Workforce development program takes shape in Winnemucca
Special to the NNBV
WINNEMUCCA, Nev. — Humboldt County Workforce Development program group met Sept. 24 to discuss the next steps in formally launching an advisory group to plan and implement workforce training in the county.
Approximately 20 community, business, and government leaders attended the meeting, including Winnemucca City Manager Alicia Heiser, Humboldt County Manager Dave Mendiola and Denise Castle from JOIN Inc.
Executive Director of Northeastern Nevada Regional Development Authority (NNRDA) Sheldon Mudd said one of the determining factors businesses and industries looking to move to the area is the makeup of the local workforce.
“[Businesses] look to see how many employees are available, what skills we have … and as you are aware, unemployment rate in northeastern Nevada is extremely low,” Mudd said.
Humboldt County’s August unemployment rate stood at 3.3%. Mudd said such low unemployment rates can be a deterrent for some business.
A majority of attendees agreed that training a new generation of skilled workers was imperative to the success of economic growth in the county.
However, others expressed an immediate need to attract and retain workers now. The biggest concern besides training attracting workers was affordable housing.
“On the construction side, we’re having a difficult time finding skilled tradesmen,” local business owner Pat Schommer said. “And on the transportation side of the business, when we find employees willing to move here, we can’t find affordable housing for them.”
One last focus of the workshop was to develop an organizational structure based on an advisory group who will help to design and launch a work-based learning model.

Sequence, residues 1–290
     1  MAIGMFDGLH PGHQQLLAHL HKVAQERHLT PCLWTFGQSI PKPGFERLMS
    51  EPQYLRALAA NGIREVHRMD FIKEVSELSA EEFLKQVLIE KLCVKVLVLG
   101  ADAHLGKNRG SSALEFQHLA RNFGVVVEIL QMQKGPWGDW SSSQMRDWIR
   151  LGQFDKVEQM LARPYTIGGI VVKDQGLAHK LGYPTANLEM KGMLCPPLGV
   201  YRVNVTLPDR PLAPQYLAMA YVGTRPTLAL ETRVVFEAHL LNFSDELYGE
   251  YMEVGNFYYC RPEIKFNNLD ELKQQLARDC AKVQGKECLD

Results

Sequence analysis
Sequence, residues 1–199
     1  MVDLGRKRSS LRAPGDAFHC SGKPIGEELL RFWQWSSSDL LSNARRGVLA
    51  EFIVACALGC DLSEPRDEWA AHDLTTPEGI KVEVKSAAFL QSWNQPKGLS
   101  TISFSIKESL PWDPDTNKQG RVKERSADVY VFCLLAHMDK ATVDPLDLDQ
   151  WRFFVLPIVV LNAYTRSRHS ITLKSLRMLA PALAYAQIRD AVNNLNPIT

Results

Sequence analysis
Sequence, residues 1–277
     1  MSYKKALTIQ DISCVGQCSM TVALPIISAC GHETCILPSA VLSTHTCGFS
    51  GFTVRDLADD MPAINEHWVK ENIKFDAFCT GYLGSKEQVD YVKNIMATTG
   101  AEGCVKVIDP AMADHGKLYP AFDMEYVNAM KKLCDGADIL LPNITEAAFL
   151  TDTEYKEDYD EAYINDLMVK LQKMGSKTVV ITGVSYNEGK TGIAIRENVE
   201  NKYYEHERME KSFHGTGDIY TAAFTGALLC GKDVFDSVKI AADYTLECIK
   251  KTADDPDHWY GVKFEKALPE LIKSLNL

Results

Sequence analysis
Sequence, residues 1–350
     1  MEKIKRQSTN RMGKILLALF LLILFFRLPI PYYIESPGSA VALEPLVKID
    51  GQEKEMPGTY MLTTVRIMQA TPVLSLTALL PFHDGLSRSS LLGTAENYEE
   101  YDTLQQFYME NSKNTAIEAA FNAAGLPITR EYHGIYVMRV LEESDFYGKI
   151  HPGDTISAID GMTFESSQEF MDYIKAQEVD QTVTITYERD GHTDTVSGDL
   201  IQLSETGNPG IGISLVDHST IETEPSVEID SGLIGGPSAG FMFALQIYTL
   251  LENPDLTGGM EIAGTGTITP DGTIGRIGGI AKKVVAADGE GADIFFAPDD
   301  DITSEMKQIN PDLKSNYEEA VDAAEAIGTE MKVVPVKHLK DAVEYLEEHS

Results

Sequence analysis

The work-based learning model will be tailored to the specific needs of Humboldt County. One person from this advisory group will serve on a steering team which will meet once a month with an annual meeting of a coalition. The coalition is all the advisory groups of each county.
Facilitator Betty “B” Gorman kept the group on track by saying there was no need to reinvent the wheel, but the program has to be tailored to fit the specific needs of the area.
“We have a [workforce development program] design right now, but we don’t necessarily think the right approach is to say ‘here you go, this is what they’re doing in Douglas [County], this is what you should do,'” said Gorman, who worked from 2006-2016 as CEO of the Lake Tahoe South Shore Chamber of Commerce. “We want to hear from your business partners in particular what do they need and then we want to hear from education partners what’s feasible here.”
Gorman said the idea behind these meetings was to share information about the resources currently available, to assess what is missing and “you build something that will work for everybody.”
The work-based learning program will focus on developing youth programs to encourage young adults to enter the skilled trades.
The program is based on the Swiss model of apprenticeship system. The idea combines on-the-job training with classroom instruction.
According to the Swiss State Secretariat for Education website, there are more than 230 approved apprenticeship occupations, 70% of Swiss students choose apprenticeships and 40% of all Swiss companies participate in the program.
The apprenticeship program is in partnership with JOIN, Inc. through the Career Bound NV program. JOIN, Inc. serves as an intermediary between industry and education by engaging “students in career exploration, skill development, internships and apprenticeships that ensure [young adults] are ready for employment in Nevada.”
JOIN, Inc.’s Castle said the components to this program are already in place, but it is up to the advisory committee to decide what that components are appropriate for Humboldt County.
“… (Next) steps are pulling in what those components look like that already exist and do they match for Humboldt County, and if they don’t perfectly, how do we tweak it and modify it slightly and apply to Humboldt County,” she said.
Castle said she estimates a workforce development program in Humboldt County could be launched at the beginning of the 2020-2021 school year.
Michelle Cook is a reporter for The Humboldt Sun, a sister publication of the Northern Nevada Business View.
With median home prices topping $500,000 in Reno and nearly $520,000 in Minden/Gardnerville, 2021 is shaping up to be quite the sellers’ market for Northern Nevada. As for housing supply, that’s another story, reports the NNBW’s Kaleb M. Roedel.